What’s causing this? Well, there’s [gestures at everything] the constant anxiety generated by churning upheaval all around us. Everyone is dealing with that. But lawyers can give the lion’s share of blame to a professional values regime that relegates our own well-being to the lowest rank of priorities — below our clients, below the courts, below our billings, below the firm, and certainly, below the firm’s profits. Consider this quote — not from an abusive corner office partner, but from a law firm’s wellness manager:
[Y]our money is tied to the amount of hours that you work. That can be really difficult for people, because if they choose to go take care of themselves and do something for themselves, they’re choosing to not get paid for that time, and so it's such a difficult thing. [emphasis added]
The italicized parts are doing the heavy lifting here, expressing our core professional dogma: You can make money as a lawyer, or you can have a healthy life, but you are not entitled to both. “Some of you may die,” says the dogma, “but it’s a sacrifice I’m willing to make.”
How can we respond to this disaster unfolding around us? Obviously, we have an obligation to try rescuing as many victims as we can, those stranded on their islands or drowning in the flood. Lawyer wellness efforts and addiction recovery programs are our immensely praiseworthy front-line rescuers here. But we also need to keep people away from the surging waters in the first place — and that’s where legal educators and regulators need to act, right now.
Law school curricula and bar admission programs in every jurisdiction should be upgraded, starting today, to include significant instruction to aspiring lawyers about the deadly serious threats to their lives and health posed by choosing a legal career.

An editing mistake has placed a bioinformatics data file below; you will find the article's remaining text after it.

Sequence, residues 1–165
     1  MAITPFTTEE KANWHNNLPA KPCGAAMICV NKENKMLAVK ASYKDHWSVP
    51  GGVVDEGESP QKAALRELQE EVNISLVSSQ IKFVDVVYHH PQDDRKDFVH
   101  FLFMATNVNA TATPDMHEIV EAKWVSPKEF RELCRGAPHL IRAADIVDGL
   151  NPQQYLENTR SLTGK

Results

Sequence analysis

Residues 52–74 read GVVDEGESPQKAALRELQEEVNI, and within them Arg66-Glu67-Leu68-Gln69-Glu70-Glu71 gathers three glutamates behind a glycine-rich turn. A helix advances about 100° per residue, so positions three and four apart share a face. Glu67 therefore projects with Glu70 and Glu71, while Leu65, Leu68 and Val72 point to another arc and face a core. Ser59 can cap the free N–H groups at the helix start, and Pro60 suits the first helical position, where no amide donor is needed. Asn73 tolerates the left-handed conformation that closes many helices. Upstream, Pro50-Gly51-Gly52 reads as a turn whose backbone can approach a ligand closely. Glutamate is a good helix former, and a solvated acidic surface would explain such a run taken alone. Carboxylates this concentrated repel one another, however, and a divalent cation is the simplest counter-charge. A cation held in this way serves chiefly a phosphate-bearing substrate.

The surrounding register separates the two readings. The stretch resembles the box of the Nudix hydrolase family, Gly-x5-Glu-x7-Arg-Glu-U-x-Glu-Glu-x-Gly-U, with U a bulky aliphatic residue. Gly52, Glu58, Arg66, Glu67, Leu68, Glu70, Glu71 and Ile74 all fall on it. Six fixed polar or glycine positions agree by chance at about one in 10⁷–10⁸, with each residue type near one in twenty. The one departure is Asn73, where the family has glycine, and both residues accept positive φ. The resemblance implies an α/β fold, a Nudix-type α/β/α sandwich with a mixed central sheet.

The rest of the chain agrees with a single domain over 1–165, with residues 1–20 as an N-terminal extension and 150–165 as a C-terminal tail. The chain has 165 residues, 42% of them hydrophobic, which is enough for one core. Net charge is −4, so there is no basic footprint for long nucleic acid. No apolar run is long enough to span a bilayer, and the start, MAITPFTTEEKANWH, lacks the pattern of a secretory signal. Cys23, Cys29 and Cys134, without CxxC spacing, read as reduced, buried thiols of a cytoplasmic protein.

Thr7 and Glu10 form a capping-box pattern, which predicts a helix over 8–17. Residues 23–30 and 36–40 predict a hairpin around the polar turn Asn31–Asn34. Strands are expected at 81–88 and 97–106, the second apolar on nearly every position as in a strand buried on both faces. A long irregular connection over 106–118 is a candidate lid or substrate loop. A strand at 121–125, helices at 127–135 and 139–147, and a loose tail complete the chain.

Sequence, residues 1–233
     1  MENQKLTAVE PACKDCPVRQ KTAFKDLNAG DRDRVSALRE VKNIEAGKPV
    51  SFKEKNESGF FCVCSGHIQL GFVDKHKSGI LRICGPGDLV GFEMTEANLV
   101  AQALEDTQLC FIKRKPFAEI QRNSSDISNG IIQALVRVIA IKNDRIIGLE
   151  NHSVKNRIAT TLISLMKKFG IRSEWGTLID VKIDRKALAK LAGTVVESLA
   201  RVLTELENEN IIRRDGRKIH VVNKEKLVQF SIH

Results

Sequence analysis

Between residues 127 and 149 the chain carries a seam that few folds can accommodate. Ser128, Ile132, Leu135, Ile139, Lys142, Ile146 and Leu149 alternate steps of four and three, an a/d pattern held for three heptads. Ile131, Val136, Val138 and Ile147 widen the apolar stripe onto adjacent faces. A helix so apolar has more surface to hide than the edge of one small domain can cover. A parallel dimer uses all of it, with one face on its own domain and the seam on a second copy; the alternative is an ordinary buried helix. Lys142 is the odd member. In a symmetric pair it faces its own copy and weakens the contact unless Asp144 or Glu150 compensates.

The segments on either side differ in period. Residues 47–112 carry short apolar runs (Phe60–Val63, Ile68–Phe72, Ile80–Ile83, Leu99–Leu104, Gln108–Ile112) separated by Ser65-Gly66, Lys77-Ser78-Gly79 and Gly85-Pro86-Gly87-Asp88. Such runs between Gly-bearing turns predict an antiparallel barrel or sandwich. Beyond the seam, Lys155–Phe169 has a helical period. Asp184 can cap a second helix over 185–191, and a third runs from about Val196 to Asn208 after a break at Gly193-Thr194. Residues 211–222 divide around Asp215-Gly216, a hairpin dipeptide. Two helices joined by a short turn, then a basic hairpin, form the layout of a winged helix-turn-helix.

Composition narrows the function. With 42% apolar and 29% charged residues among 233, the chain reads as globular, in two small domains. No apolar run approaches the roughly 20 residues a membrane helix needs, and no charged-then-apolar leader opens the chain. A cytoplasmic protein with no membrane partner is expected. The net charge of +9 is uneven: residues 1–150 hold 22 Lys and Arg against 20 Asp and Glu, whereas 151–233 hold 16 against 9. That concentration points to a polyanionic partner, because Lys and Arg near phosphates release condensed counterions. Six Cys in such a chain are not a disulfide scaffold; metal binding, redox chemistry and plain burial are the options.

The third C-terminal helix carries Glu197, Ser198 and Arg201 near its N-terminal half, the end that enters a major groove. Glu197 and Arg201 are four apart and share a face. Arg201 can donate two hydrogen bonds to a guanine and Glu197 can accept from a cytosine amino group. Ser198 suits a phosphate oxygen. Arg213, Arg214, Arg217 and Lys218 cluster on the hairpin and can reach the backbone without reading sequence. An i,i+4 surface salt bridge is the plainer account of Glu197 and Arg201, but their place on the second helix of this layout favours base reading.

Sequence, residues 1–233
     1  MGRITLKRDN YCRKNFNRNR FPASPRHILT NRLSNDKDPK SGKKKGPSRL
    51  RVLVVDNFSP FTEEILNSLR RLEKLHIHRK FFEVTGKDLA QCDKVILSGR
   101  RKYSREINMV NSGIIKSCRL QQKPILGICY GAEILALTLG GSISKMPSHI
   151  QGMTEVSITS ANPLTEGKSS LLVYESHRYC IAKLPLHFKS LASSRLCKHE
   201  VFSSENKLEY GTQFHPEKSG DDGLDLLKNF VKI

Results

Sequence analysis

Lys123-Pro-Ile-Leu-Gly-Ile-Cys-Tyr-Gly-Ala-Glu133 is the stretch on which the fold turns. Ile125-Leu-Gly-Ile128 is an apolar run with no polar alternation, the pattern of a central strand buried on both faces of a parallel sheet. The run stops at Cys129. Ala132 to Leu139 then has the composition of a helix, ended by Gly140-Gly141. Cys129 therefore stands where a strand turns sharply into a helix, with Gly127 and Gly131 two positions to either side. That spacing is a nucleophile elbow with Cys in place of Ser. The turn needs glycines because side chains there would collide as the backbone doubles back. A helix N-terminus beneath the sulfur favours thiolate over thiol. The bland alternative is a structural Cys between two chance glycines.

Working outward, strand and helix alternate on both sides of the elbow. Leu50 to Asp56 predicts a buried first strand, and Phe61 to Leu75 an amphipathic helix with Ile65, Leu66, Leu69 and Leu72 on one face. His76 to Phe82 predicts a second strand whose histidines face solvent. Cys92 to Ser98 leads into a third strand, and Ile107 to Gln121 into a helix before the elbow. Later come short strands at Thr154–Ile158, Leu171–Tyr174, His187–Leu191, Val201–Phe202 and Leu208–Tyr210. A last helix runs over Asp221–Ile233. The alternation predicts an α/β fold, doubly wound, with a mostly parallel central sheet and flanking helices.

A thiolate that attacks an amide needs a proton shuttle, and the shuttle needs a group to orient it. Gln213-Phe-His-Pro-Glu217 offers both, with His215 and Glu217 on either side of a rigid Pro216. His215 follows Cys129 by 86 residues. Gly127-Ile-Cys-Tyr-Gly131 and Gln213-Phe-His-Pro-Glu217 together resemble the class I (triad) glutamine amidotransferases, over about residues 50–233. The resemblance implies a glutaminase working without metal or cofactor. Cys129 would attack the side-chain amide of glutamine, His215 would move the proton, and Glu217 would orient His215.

As part of their professional identity development, we should warn aspiring lawyers about the poisonous culture of the profession they’re entering. We should give them the skills to stand up to the bullying and toxicity of people and business models that will exploit them, and help them develop the courage to deploy those skills.
But most importantly, we should give law students and licensure candidates an entirely new narrative about life in the law. We should tell them that their well-being is a core, non-negotiable, professional and personal asset; that the most effective and successful lawyers protect their own wellness and preserve their own dignity; and that anyone who says they don’t deserve a healthy life is a liar. We should entrench the value and validity of this narrative with new lawyers before they set one foot in the profession.
Here are five steps that legal educators and regulators, working in tandem, can take right now:
Inform: Tell every new and prospective law student about the mental and emotional health crisis burning through the profession they’re planning to enter — full disclosure of what they’re getting themselves into, so they can make an informed decision about whether to continue.
Prepare: Give law students the knowledge of how legal professionals experience stress, the physical and mental habits to strengthen their bodies and minds, the means to manage external and internal pressure, and a mandate to always be kind to themselves.
Empower: Help aspiring lawyers develop their solid and unique professional identity, upon which they can build the confidence to stand by their values, chart their own course, exercise their own judgment, and make career choices for their own benefit, not anyone else’s.
Integrate: Make “sustenance and growth of one’s well-being” a core competence for licensure candidates, as necessary and valued as knowledge of the law, the skill to serve clients, the character to be a professional — and above all, integral to a long and happy life.
Support: Mandate guided instruction and mentoring opportunities for every new lawyer in each of their first two years in the profession, those pivotal transition years between learning and practice, to strengthen their resolve and steady their steps.
The great tragedy of the legal profession is the legions of lawyers who are wearing down, burning out, sinking into addictions, desperate for escape. But the even greater tragedy is that we keep sending in more new lawyers to join them. We keep turning the crank, moving the conveyor belt forward, defying the definition of insanity by doing the same terrible things and expecting the same terrible results.
Enough. No more victims of our professional disease. Let’s begin a new story today.